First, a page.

The subcontractors acknowledge that, for more than three decades, ORCP 22 has allowed a third-party complaint to be filed against a party " who is or may be liable to the third party plaintiff for all or part of the plaintiff's claim against the third party plaintiff." See Kahn v. Weldin, 60 Or.App. 365, 371, 653 P.2d 1268 (1982), rev den, 294 Or. 682, 662 P.2d 726 (1983) (explaining that the purpose of the " may be liable" language in Rule 22 " is to promote the expeditious and economical adjudication in a single action of the entire subject matter arising from a set of facts, including claims contingent on the determination of other issues in the case" ); [266 Or.App. 616] see also Marton v. Ater Construction Co., LLC, 256 Or.App. 554, 561, 302 P.3d 1198 (2013) (" ORCP 22 C(1) does not alter the substance of a contribution claim under ORS 31.800 or a common-law claim for indemnity. ORCP 22 is a procedural rule that affects the timing--not the elements--of third-party claims." (Emphasis in original.)). That rule, the subcontractors argue, " cannot permit Oregon courts to decide unripe cases. To the extent ORCP 22 C does permit Oregon courts to decide unripe, contingent third party claims, it is unconstitutional as ultra vires."

We are not persuaded by the subcontractors' ripeness arguments, which would unreasonably restrict the ability of courts to decide what are genuine and present controversies between potentially liable parties. " [R]ipeness depends on whether the controversy involves present facts as opposed to hypothetical future events." Menasha Forest Products Corp. v. Curry County Title, 234 Or.App. 115, 120, 227 P.3d 770 (2010), rev'd in part on other grounds, 350 Or. 81, 249 P.3d 1265 (2011). However, as we have previously noted, " '[p]resent facts' and 'hypothetical future events,' * * * do not announce themselves as such," and " [r]ipeness is often a matter of degree." Id. at 120-21. The fact that a controversy might involve some unsettled questions or contingencies does not, by itself, render the case " unripe" or mean that the controversy as a whole is " contingent" and therefore not justiciable. See, e.g., McIntire, 322 Or. at 434 (concluding that, although operation of the legislation challenged in that case was " contingent" on funding that " may or may not be committed[,]" " [t]hat uncertainty * * * does not prevent ripeness for decision" ).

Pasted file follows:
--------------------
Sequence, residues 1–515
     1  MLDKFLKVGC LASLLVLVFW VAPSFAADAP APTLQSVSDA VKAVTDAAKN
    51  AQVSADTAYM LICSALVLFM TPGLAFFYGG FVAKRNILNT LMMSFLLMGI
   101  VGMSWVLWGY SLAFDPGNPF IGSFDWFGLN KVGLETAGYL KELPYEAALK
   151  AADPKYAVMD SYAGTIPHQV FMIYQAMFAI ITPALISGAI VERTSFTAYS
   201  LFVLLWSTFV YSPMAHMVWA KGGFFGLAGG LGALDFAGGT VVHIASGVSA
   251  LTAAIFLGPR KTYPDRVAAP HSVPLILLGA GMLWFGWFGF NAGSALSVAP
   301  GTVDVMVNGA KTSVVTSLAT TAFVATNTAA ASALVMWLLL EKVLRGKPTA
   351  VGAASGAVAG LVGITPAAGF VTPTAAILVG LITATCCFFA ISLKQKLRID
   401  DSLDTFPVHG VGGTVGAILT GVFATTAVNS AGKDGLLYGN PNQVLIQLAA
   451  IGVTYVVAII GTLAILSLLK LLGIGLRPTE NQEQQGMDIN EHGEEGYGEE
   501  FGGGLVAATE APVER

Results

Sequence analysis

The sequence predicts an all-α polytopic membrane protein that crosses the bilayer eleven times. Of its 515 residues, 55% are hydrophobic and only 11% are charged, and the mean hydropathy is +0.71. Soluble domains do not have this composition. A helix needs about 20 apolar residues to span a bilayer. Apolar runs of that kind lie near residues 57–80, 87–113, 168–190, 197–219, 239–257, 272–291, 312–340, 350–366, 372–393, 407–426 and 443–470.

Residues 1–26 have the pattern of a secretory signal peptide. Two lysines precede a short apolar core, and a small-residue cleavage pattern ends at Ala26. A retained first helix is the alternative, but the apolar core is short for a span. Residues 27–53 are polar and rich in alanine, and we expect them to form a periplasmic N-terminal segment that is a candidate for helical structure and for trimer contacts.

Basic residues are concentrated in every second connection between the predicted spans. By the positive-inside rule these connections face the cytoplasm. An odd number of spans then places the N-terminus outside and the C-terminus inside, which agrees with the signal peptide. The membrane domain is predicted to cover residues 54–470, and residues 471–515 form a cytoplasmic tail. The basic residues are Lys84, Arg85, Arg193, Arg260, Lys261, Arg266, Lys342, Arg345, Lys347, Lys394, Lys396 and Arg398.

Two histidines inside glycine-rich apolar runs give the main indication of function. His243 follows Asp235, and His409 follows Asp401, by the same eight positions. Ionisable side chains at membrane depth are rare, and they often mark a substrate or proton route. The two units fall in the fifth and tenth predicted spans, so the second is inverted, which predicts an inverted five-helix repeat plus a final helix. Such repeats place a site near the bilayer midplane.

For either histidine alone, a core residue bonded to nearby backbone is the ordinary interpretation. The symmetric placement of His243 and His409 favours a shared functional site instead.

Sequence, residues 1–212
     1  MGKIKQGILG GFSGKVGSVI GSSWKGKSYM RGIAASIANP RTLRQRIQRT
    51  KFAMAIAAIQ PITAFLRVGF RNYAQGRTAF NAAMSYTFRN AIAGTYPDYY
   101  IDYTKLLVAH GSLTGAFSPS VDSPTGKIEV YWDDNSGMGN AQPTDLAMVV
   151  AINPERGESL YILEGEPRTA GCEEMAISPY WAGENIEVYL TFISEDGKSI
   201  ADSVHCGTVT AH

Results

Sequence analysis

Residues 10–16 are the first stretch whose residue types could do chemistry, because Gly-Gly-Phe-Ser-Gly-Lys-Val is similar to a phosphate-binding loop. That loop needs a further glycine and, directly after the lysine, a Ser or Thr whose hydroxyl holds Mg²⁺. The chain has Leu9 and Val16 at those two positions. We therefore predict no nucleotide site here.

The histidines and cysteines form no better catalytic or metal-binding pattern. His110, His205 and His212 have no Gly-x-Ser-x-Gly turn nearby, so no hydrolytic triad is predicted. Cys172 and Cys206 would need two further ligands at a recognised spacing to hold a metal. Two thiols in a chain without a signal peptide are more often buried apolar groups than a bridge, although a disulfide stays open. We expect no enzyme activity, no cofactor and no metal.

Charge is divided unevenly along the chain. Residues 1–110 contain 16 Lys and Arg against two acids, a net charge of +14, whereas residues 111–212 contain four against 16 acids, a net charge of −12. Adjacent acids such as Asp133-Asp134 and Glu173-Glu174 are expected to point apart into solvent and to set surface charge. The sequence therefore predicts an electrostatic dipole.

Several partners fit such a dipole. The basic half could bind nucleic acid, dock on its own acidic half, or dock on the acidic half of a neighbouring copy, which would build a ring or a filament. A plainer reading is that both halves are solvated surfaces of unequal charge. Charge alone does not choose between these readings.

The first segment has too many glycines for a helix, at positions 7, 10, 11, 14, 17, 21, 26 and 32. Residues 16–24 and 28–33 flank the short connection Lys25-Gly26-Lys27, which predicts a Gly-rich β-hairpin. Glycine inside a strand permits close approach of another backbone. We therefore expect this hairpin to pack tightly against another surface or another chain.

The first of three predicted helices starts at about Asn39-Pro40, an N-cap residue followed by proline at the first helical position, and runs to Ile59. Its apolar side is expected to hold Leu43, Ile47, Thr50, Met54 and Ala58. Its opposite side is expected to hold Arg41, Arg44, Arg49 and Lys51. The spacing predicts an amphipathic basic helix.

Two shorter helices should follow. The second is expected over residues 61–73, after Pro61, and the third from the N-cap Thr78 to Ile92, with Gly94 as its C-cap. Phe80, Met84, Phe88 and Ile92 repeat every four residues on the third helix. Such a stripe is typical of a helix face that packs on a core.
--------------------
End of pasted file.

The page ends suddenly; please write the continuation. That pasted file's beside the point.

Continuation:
In our view, the third-party claims at issue in this case are based on present, as opposed to hypothetical, facts. The parties have a present dispute about their respective roles and responsibilities relating to the construction of the Riverview Condominium, and the only true contingency--discharge of the underlying liability--will flow directly from the resolution of issues within the case itself. We are not persuaded that such a minimal degree of " contingency" --given that the law presumes that Brookfield will satisfy any obligation to the condominium association and provides [266 Or.App. 617] enforcement mechanisms if it does not[3]--is sufficient to render this controversy nonjusticiable, given the parties' present and competing interests in determining their respective fault based on completed

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events. Nor are we persuaded that ORCP 22, by authorizing an accelerated timeline for deciding these types of controversies, runs afoul of constitutional ripeness principles. Accordingly, we reject the subcontractors' jurisdictional challenge, as well as their related challenge to the constitutionality of ORCP 22, and we reverse and remand the judgment dismissing Brookfield's third-party claims for further proceedings.[4]

Motion to dismiss denied. Judgment reversed and remanded as to third-party claims against Peter Zaikin dba Anytime Construction, Mike Anfilofieff dba Final Finish Carpentry, and Modern Tech Construction, Inc.; otherwise affirmed.